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Sunday, November 13, 2011

IRS ADDS GST TAX AVOIDANCE TO TAX SHELTER REPORTING & DISCLOSURE – DO WE CARE?

The IRS has issued final regulations that add generation-skipping tax avoidance as reportable under the tax shelter reporting and disclosure rules. Do we care?

The short answer is “not yet.”

Promoting, advising taxpayers about, or participating in a transaction that is the same as or substantially similar to a transactions determined by IRS to be a tax avoidance transaction and a “listed transaction” triggers numerous disclosure and penalty rules. Taxpayers may need to disclose their participation and material advisors may need to disclose these transactions. Material advisors also must maintain lists of advisees and other information with respect to these listed transactions. “Transactions of interest” are included in reportable transactions. These are transactions that IRS believes have potential for tax avoidance or evasion, but for which it lacks enough information to determine whether they should be identified specifically as tax avoidance transactions.

The final regulations finalize proposed regulations that include GST taxes as coming under this rules. It is the position of the Dept. of the Treasury that the changes were “corrective,” not “expansive.”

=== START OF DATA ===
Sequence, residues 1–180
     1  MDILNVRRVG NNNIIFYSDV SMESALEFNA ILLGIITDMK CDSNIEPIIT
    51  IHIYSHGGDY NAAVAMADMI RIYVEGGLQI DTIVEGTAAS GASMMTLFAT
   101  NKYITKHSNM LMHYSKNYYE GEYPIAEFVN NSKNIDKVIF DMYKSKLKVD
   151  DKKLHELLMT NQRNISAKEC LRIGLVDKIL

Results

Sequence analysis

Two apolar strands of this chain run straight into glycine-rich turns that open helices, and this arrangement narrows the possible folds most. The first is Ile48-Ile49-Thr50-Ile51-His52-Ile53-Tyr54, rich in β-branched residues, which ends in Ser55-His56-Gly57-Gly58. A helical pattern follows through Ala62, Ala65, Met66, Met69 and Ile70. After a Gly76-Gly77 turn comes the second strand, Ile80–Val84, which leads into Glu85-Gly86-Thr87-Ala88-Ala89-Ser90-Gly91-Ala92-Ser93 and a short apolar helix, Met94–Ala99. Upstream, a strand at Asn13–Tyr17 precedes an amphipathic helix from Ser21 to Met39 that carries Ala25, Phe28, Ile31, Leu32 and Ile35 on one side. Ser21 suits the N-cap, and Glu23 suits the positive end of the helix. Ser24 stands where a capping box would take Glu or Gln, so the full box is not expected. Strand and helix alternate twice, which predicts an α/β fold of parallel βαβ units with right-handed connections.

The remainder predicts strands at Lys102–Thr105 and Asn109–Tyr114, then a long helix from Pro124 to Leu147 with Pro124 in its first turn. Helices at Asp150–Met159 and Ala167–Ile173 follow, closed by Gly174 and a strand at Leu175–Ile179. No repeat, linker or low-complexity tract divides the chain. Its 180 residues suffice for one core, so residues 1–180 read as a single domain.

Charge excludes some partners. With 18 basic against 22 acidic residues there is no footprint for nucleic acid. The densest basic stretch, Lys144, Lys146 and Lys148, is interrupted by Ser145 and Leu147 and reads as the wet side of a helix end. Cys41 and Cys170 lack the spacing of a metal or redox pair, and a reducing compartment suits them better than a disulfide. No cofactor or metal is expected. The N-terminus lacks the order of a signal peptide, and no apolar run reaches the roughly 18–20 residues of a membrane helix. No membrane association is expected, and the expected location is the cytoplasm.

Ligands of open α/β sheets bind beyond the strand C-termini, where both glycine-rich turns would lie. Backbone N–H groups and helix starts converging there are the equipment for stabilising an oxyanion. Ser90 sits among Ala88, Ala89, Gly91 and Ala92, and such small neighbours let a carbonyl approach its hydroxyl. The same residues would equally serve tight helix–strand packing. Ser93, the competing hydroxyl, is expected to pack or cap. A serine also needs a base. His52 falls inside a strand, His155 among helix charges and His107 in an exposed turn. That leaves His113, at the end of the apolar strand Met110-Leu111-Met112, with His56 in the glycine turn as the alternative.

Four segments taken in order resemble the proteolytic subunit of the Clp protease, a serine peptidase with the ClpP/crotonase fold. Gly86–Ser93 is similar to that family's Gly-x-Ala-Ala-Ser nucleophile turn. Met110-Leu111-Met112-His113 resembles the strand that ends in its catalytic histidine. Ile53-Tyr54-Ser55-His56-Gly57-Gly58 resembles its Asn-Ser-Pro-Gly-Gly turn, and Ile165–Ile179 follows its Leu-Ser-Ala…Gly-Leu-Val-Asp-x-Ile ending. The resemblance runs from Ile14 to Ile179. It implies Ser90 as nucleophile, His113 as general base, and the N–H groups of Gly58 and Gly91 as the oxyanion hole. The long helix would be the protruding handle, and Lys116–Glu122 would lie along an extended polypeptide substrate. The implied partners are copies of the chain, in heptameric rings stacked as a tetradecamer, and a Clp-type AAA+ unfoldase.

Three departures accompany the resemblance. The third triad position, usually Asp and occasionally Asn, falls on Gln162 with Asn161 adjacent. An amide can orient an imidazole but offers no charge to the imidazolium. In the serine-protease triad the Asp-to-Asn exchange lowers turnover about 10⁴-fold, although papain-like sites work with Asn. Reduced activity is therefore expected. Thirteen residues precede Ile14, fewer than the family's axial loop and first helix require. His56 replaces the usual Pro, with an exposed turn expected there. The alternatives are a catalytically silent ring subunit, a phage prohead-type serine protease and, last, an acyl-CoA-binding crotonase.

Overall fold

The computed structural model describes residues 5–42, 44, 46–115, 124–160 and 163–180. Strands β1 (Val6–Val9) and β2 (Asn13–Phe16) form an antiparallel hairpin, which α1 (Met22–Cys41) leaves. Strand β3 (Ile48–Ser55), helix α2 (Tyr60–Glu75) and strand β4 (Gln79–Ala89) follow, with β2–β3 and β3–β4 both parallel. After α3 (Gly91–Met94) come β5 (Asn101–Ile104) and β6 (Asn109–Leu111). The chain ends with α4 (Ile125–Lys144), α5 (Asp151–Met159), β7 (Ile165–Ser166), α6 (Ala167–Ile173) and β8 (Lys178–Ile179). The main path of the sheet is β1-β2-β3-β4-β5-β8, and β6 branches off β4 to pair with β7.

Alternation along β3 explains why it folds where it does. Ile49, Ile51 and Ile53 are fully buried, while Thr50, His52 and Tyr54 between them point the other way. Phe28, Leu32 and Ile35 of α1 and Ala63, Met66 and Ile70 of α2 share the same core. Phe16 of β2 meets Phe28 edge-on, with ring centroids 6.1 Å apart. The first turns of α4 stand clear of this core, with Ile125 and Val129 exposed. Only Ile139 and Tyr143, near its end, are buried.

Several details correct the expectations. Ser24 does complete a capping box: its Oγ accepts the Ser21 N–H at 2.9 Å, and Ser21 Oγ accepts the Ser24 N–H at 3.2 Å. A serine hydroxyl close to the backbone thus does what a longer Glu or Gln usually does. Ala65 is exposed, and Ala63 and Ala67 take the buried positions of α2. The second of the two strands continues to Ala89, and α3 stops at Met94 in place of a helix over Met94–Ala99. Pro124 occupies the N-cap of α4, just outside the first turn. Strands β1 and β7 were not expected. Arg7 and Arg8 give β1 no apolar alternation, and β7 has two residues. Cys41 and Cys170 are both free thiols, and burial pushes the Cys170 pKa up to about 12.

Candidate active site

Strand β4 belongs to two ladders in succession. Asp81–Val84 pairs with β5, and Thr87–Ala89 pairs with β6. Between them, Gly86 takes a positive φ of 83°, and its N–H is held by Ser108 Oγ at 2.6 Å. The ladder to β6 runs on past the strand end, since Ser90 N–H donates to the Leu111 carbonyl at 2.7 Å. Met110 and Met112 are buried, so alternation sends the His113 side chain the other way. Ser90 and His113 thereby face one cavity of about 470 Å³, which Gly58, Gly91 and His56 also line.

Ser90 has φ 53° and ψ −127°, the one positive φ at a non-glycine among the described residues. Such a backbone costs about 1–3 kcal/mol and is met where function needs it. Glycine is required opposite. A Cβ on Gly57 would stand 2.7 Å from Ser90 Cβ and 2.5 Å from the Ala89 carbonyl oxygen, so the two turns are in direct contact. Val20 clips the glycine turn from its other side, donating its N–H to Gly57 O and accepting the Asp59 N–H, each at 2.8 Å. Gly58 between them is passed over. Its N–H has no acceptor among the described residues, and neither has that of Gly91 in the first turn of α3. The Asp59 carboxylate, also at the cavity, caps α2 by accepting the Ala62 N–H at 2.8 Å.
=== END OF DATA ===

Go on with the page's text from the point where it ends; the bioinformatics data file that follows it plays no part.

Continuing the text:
The reason we don’t care yet is that there are no transactions on the IRS “listed transaction” list or the “transactions of interest” list that involve generation-skipping taxes. Therefore, the rules will only be relevant if the lists are expanded to include transactions involving GST taxes in the future.

Objections to the expansion were raised by persons representing corporate fiduciaries – that they would be subject to reporting as a material advisor simply by being a trustee or a personal representative when a reportable transaction was undertaken by a trust or estate. In response to those comments, Treasury noted that  a “fiduciary will not be treated as a material advisor merely by acting as an executor or trustee with respect to an estate or trust that is incidental to a transaction. A fiduciary will be treated as a material advisor only if the fiduciary provides material aid, assistance or advice as described in § 301.6111-3(b)(2), the fiduciary directly or indirectly derives gross income in excess of the threshold amount as described in § 301.6111-3(b)(3), and the transaction is entered into by the taxpayer.”

T.D. 9556, 11/10/2011; Reg. § 26.6011-4, Reg. § 301.6111-3, Reg. § 301.6112-2

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